As a boy growing up in Brooklyn in the 1960s, Kessler explains, his athletic enthusiasm exceeded his skill. He’s made up for that as a lawyer, becoming outside counsel at various times to professional player unions in basketball, football, baseball, and hockey. He litigated McNeil v. National Football League, which in 1992 helped establish free agency in the NFL and usher in today’s megasalaries.
For years, Kessler harbored a powerful distaste for how college sports operates. Discussions with Huma, together with O’Bannon and other cases like it, persuaded Kessler it was time to join the assault. “The NCAA grossly exploits college athletes,” he says. “It’s unfair, it’s disgusting, it’s illegal, and it’s been going on for a long time. We’re going to put an end to it by bringing the free market to college sports, same as it exists in the pros.”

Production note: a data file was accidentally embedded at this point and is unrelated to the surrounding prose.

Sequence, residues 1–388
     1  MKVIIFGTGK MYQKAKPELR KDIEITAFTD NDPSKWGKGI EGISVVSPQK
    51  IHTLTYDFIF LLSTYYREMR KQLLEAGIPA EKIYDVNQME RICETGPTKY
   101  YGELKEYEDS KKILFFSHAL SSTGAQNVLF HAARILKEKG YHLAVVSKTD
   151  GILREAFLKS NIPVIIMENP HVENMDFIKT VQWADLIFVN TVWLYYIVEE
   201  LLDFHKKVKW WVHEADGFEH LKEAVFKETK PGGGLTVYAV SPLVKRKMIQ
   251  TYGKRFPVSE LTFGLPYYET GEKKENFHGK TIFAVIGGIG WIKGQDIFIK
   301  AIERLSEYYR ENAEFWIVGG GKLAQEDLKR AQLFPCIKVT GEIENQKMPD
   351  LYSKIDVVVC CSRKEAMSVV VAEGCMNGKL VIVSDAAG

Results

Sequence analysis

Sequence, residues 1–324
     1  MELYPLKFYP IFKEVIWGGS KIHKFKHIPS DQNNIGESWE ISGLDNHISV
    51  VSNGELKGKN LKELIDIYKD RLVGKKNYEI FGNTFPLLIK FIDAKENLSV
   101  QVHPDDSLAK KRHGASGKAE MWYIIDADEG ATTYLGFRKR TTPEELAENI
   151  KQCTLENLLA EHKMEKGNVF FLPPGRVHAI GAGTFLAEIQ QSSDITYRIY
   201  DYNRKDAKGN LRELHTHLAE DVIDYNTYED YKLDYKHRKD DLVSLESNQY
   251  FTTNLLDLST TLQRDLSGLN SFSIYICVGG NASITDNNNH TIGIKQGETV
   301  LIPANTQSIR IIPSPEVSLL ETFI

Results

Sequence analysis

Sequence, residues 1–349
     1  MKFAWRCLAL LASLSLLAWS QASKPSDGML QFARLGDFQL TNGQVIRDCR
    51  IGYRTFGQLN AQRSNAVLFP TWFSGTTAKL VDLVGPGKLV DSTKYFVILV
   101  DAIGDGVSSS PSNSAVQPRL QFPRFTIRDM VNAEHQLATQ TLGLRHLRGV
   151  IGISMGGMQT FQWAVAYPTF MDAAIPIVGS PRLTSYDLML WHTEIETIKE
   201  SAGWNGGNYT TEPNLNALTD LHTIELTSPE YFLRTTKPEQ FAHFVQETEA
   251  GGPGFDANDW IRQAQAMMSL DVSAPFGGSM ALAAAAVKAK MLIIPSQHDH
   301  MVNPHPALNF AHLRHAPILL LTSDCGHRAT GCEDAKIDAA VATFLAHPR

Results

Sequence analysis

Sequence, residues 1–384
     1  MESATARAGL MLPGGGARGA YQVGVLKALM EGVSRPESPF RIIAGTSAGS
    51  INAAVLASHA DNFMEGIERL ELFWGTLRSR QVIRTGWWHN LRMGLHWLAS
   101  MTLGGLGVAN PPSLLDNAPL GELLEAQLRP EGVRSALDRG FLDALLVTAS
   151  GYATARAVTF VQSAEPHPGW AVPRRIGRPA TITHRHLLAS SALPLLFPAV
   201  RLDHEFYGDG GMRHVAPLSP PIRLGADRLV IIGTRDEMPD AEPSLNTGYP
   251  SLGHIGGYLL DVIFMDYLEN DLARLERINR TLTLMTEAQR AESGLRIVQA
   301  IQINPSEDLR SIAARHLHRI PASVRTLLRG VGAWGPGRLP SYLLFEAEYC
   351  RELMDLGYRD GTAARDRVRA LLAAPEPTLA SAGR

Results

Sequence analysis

In March, Kessler filed his sweeping class action against the NCAA and the big five conferences, naming Clemson University defensive back Martin Jenkins as lead plaintiff. Preparing for his fourth and final year of college ball, Jenkins, 5 feet 9 and 180 pounds, has a reputation for versatility and toughness. But his tally of injuries—a serious hernia, a shoulder that periodically pops out of its socket, and arthritis inherited from his father, Lee, a standout defender at Tennessee whose career with the New York Giants was cut short by back and knee problems—underscore the brevity of many athletes’ commercial viability.